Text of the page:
As a child, going to a mainstream school was extremely difficult. Out of 1,500 students, I was the only deaf student. I was bullied from the third grade until about the eighth grade. I would get beat up and had things stolen from me – including my implants. They were thrown in the trash.
Students made fun of the way I pronounced words when I read aloud in class. They would make me feel silly and stupid by testing to see how I would pronounce words.
These are all things I kept away from my parents. They didn’t know the severity of the situation when I told them I wanted to go to a deaf school. As a result, I became depressed in the sixth grade.
I used to wish I could be hearing. I wanted to be able to participate in simple things like family dinners. When I couldn’t understand the conversation, I was told “later” or “never mind”.
These are things that don’t leave me. At 25 years old, I still think about the pain I went through as a child. It was very traumatic. I was alone. Then I went to RIT.
Once I came here, I realized I wasn’t alone. Since attending RIT, all of these doors opened for me. It really helped me figure out where I wanted to go on my journey.
I became a leader in my community. I started mentoring and counseling other students who were struggling on their journeys. I’m 100% supportive of the people I work with and I’m known on campus for that.
I even started working at the RIT gym. Everyone is patient and takes their time to gesture, and it’s made a huge difference in the workplace. I really like how they make an effort. They’ll communicate with gestures, pen and paper, or anything else that helps! I’m even happy to teach others sign so we can communicate. They’ll say, “how do you sign this or that?” From what I experienced as a child, it makes such a huge difference to see people who are open to me as a hard of hearing person.
I’ve experienced a lot of discrimination over the years. For example, when I fill out job applications, I get turned down because of my hearing loss. Some employers don’t even give me the chance to prove that I can do the work. It’s hard for them to accept me as a hard of hearing applicant. Their concern is that I can’t talk on the phone. Primarily, that’s what they come back to me saying, but there’s so much technology now to work around that. It’s really a simple solution.
It becomes frustrating because I have to explain my disability to employers when I go for interviews. I’m nervous because I’m graduating soon and I have to go out into the real world to find a job. It makes me wonder, am I going to be rejected at every turn?
Luckily, RIT is fantastic about communication access. It’s a very accessible campus. They provide closed captioning, interpreters, and note-takers for deaf and hard of hearing students. They give students with disabilities everything they need to succeed so that we can be on an equal playing field with other students. I don’t even have to request for accommodations – it’s just there. As soon as I register for a course, it happens automatically behind the scenes and there’s not extra work on my end. It’s a drastic difference from my childhood educational experience.
There’s a big deaf community here in Rochester. If you go to a McDonald’s, the employees know how to communicate through gesture or sign language. There’s even touch screen machines to make orders.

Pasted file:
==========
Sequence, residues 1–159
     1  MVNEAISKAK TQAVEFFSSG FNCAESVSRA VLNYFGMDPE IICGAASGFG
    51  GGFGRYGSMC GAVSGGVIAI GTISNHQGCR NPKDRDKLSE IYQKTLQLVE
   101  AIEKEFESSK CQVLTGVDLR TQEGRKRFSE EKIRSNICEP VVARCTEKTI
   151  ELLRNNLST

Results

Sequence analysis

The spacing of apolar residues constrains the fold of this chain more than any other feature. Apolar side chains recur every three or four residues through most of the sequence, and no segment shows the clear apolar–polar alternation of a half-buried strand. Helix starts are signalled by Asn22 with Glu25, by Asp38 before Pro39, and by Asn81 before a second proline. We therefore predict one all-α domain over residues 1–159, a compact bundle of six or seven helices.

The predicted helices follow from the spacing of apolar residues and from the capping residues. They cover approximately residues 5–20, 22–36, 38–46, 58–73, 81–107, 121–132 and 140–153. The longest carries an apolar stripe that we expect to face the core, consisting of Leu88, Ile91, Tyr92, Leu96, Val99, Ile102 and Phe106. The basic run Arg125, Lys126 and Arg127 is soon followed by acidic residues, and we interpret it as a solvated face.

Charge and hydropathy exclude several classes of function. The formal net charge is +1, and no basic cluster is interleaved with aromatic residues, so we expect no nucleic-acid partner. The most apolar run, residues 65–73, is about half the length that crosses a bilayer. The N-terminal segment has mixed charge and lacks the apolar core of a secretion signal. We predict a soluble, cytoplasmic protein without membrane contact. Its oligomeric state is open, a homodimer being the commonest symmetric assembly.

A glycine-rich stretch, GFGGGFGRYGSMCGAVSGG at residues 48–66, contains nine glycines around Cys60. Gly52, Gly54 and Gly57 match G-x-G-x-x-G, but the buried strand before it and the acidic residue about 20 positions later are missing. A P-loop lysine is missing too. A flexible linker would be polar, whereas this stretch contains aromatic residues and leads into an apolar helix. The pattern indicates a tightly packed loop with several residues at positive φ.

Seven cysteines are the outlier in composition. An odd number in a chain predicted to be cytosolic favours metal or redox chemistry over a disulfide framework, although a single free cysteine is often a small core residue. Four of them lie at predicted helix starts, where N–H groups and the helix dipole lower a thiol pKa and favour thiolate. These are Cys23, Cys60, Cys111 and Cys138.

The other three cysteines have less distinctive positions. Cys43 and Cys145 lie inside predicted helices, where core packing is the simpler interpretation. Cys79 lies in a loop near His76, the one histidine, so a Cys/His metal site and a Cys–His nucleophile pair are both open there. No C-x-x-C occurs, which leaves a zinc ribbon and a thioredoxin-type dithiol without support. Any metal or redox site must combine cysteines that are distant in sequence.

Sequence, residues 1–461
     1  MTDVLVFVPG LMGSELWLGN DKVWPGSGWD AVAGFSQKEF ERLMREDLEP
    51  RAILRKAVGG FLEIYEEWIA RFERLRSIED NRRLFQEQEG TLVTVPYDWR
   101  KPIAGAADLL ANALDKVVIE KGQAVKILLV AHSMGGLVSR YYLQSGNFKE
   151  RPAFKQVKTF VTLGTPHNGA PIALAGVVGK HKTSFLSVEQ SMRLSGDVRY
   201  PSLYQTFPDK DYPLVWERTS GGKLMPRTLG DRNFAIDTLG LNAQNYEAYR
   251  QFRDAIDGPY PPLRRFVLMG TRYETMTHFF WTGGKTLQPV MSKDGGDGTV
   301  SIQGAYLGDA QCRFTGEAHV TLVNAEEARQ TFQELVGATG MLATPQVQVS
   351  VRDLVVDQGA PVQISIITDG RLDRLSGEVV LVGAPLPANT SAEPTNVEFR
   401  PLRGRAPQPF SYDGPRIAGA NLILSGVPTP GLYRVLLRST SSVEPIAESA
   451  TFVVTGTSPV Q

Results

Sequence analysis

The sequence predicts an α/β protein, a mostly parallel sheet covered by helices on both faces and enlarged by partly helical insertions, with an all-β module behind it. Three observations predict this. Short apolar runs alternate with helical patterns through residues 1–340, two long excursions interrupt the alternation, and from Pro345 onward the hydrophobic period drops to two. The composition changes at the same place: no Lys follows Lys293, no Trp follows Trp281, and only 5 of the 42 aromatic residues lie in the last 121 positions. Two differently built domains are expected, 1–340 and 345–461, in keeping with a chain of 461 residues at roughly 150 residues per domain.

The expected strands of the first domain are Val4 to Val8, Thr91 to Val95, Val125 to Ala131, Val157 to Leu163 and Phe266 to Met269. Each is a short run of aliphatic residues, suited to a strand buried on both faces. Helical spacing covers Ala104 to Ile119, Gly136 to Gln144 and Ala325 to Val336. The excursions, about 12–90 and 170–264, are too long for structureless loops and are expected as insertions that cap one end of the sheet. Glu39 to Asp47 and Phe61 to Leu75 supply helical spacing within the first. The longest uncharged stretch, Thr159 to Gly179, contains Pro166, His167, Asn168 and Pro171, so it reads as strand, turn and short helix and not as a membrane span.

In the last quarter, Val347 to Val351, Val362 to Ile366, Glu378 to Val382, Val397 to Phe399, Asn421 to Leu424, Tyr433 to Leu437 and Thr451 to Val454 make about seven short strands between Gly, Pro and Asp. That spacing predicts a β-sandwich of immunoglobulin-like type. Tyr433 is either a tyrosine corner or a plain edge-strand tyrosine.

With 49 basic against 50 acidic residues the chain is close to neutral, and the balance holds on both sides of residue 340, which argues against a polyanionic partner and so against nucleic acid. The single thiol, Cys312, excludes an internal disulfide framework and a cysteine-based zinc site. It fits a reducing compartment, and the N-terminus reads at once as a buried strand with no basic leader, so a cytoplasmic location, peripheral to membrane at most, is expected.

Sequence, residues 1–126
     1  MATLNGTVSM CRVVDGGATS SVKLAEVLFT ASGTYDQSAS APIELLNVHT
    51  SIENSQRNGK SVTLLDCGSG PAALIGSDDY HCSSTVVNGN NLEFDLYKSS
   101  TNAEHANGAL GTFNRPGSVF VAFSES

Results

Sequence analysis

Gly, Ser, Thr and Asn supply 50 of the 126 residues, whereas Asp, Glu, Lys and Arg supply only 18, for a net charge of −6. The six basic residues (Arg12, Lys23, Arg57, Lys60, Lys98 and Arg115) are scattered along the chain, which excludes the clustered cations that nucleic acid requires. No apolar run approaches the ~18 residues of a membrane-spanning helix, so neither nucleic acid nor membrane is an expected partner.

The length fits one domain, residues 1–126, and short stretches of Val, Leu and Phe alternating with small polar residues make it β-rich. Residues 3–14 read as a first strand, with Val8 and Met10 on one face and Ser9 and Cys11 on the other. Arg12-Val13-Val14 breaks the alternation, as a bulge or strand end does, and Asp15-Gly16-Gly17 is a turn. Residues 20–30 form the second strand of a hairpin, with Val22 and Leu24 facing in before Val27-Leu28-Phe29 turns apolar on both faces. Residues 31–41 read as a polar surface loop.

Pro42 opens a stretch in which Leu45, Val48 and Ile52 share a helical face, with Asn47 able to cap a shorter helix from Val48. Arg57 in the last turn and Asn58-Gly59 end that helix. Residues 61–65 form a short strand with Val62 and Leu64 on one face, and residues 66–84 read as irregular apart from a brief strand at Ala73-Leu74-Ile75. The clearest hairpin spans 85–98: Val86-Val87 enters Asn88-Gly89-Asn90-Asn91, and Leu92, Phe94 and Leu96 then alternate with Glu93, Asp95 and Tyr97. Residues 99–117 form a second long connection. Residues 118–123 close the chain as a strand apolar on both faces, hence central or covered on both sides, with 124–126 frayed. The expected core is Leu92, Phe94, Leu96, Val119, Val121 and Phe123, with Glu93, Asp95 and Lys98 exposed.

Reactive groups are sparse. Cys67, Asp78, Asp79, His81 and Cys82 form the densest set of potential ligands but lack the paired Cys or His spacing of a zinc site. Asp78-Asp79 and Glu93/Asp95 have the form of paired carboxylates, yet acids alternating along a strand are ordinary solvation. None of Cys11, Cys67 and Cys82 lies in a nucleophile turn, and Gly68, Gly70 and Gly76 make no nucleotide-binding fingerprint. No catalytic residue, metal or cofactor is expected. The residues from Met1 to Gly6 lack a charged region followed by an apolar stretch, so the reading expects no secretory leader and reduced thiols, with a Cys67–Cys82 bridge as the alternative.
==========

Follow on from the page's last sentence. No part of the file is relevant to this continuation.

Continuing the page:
At the cinema, there are even open-captioned films. I’ll go up to an employee and tell them I’m hard of hearing, and they say, “No problem. We have movies with open captions.” I’m like, “wait, you can just walk in?!” It’s great here. RIT has really affected the wider community of Rochester as well, so I feel at home.
The best thing about being deaf or hard of hearing is living at RIT. It has been one of the best decisions of my life because now I’m proud to be apart of the deaf community.
Learning ASL has changed my life as well. Since I grew up oral, I learned very little sign. Coming to RIT, I saw sign language everywhere – in the hallways, on the streets – so I had a lot to learn. I didn’t even know that ESL and ASL were different.
ASL is a beautiful language. It’s full of facial expressions, attitude, and culture.
I even learned Black ASL or BASL. It’s more nuanced than ASL. When I get together with groups of people who are African-American or Caribbean, there’s a way we sign that makes me feel rooted in my identity and in my culture as a person of color. The same way hearing people use inflections in their tone of voice, is what we do with sign language. It speaks to me on a cultural level because I know more about deaf culture and black culture and how the two commingle.
After I receive my undergraduate degree, I plan on going to graduate school. Once I’m done with school, I want to set up a non-profit leadership organizations. I want to help other young African-American people who are living a double-life and who’ve experienced what I’ve been through. I want to help them follow their hearts and do what makes them happy.
I’ve been through a lot in my life and I let my past define me for a long time – until I moved to RIT. I’ve grown into an independent person and I’ve discovered who I am as a person. I hope my journey can be an example to others.
Faces Behind the Screen would like to congratulate Bridgit Brobbey for graduating and for participating in our storytelling project. If you’re interested in sharing your story with us, fill out our nomination form.
Faces Behind the Screen is a storytelling project focusing on members of the Deaf and hard of hearing community.